With the 2018 Stanley Cup Final in progress, it’s easy for my mind to go back to 2012. For Los Angeles Kings fans, 45 years of frustration were brought to an end by one of the most remarkable runs in playoff history.
Record Setting 2012 NHL Playoffs
The 2012 Kings won their first Stanley Cup breaking, so many records it’s almost unbelievable to think about now.
That year the Kings became the first eighth seed to win a Stanley Cup. They set a record for consecutive road wins with 10. They were also the first team to start every series at 3-0.
By the time the dust had settled in the playoffs the Kings claimed a 16-4 a record. That record is only bested by the Hall of Fame laden 1988 Edmonton Oilers that went 16-2.
The run was so dominant and unexpected that it washed away all the years of mediocrity that had given the Kings fans few playoff moments of joy.
So why was it bittersweet? For me, the run and the Stanley Cup win was as much about who wasn’t there than about the outcome.
For myself, a 20-plus year fan of the team, the Stanley Cup win was hard and bittersweet to enjoy because as the Kings were destroying the NHL, cancer was destroying my father’s body.
When my father was diagnosed with lung cancer in March of that year, it was tantamount to a death sentence. It was Stage IV and had spread to spots all over his body. We were prepared for six more months to be with him but we only got three.
Losing a parent has been one of the toughest things I’ve ever had to go through, not only because of the sense of loss but just missing his presence. The loss was palpable that spring, even more because when it came to sports, I was my father’s partner in crime.
He loved any team that had any L.A. in front of it (well except maybe the Clippers, he knew about Donald Sterling), and the Kings were no exception. While the Kings were making their run, I was ever the pessimist and my father the optimist. He always reminded me that nothing is over until there were all zeroes on the clock.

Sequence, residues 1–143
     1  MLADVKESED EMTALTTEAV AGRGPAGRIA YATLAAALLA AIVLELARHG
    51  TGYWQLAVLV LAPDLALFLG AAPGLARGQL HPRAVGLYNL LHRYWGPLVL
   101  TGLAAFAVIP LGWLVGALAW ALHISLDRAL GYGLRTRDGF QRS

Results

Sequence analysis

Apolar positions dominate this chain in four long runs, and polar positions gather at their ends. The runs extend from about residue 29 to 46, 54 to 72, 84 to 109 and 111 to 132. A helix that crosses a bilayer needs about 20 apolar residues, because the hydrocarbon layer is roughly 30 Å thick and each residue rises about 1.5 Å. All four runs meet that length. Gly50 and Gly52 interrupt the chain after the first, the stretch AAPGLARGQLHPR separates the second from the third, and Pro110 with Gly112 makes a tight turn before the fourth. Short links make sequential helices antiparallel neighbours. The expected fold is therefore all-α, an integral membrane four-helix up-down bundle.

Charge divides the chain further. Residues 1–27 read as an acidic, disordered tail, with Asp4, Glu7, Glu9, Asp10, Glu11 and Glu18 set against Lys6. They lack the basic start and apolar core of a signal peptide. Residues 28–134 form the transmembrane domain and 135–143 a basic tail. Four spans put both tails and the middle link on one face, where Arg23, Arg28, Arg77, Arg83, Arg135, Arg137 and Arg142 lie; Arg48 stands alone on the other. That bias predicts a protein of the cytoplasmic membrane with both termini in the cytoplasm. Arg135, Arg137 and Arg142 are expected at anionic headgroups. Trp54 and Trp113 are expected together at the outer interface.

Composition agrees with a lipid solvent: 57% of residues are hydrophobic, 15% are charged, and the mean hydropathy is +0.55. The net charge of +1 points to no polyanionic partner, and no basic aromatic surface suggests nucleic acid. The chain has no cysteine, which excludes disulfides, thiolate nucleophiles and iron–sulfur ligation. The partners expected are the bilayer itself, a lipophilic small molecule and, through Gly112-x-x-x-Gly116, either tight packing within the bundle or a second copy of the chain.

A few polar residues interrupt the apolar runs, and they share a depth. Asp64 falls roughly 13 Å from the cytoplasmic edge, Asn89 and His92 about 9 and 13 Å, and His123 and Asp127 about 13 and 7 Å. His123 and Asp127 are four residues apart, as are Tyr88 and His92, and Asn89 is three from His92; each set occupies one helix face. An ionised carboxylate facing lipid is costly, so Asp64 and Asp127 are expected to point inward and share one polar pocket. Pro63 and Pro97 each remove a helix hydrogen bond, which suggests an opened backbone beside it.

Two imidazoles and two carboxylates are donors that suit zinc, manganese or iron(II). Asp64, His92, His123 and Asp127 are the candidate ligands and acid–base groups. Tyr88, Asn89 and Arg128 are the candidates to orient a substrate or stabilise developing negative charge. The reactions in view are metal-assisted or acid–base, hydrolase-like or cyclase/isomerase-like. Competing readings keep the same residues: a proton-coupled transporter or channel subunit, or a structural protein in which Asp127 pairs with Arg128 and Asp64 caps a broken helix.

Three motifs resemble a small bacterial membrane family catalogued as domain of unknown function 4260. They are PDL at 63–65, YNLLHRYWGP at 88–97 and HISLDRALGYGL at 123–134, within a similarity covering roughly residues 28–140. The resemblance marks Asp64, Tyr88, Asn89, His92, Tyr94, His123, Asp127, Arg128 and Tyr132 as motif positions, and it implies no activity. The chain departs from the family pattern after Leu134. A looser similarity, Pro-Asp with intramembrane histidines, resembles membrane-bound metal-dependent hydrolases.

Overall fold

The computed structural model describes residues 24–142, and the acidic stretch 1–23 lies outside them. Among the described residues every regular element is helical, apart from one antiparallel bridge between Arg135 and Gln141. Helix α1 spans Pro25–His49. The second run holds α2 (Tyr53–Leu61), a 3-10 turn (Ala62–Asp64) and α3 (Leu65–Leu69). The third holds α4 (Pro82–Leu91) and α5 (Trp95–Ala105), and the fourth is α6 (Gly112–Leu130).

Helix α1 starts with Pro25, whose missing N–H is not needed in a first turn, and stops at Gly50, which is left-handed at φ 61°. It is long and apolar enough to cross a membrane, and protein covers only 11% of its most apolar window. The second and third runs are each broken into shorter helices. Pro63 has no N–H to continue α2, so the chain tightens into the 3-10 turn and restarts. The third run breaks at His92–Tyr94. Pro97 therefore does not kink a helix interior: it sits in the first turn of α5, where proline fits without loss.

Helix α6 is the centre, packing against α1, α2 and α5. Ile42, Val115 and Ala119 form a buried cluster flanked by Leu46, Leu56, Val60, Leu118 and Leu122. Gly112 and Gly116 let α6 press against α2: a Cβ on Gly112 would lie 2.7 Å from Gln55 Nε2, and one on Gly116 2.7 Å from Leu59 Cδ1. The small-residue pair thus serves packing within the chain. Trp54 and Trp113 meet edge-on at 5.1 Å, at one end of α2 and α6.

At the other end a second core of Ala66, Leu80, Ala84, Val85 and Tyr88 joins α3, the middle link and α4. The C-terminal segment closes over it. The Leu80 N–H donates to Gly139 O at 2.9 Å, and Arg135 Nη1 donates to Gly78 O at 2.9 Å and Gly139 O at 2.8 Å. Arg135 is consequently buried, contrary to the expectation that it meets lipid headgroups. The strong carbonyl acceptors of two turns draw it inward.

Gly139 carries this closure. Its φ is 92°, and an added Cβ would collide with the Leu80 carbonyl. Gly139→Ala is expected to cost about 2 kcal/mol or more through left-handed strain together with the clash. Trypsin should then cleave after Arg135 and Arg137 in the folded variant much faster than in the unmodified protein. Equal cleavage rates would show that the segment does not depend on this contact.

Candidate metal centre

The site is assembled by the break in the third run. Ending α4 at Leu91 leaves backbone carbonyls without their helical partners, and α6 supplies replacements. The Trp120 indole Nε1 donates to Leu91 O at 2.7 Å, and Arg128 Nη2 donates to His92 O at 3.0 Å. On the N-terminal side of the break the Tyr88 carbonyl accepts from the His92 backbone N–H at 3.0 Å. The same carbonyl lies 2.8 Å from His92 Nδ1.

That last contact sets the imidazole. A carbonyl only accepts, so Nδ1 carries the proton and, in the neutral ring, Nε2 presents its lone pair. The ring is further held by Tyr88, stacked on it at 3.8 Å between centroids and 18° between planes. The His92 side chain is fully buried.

Our last meaningful conversation was on March 30th 2012. Game 1 of the Stanley Cup Finals was going on in Newark, New Jersey between the Kings and the New Jersey Devils. I purposefully didn’t have the game on as we spoke, mostly because I would be too nervous to talk, and in all honesty, I was not thinking about sports.
Already frail and weak, it was hard for my father to talk, so we sat there holding hands whispering to each other. All of a sudden, his iPod started buzzing with alerts as did mine, he asked what it was I smiled and said “Kopitar just scored the winning goal in OT,” he retorted “Told ya, Kings are going to win the Stanley Cup.”
My father died three days later, the Kings wrapped up the series in six games winning the clincher and Cup at Staples Center in front of their long suffering fans.
As I watched the clock countdown to zero, the emotions moved over me like a tidal wave. I cried tears of joy and sadness, joy because I finally got to see my team lift the Stanley Cup and sadness because the one person I wanted to share the joy with was gone.
That Kings team will always hold a special place in my heart, but as I said a bittersweet memory.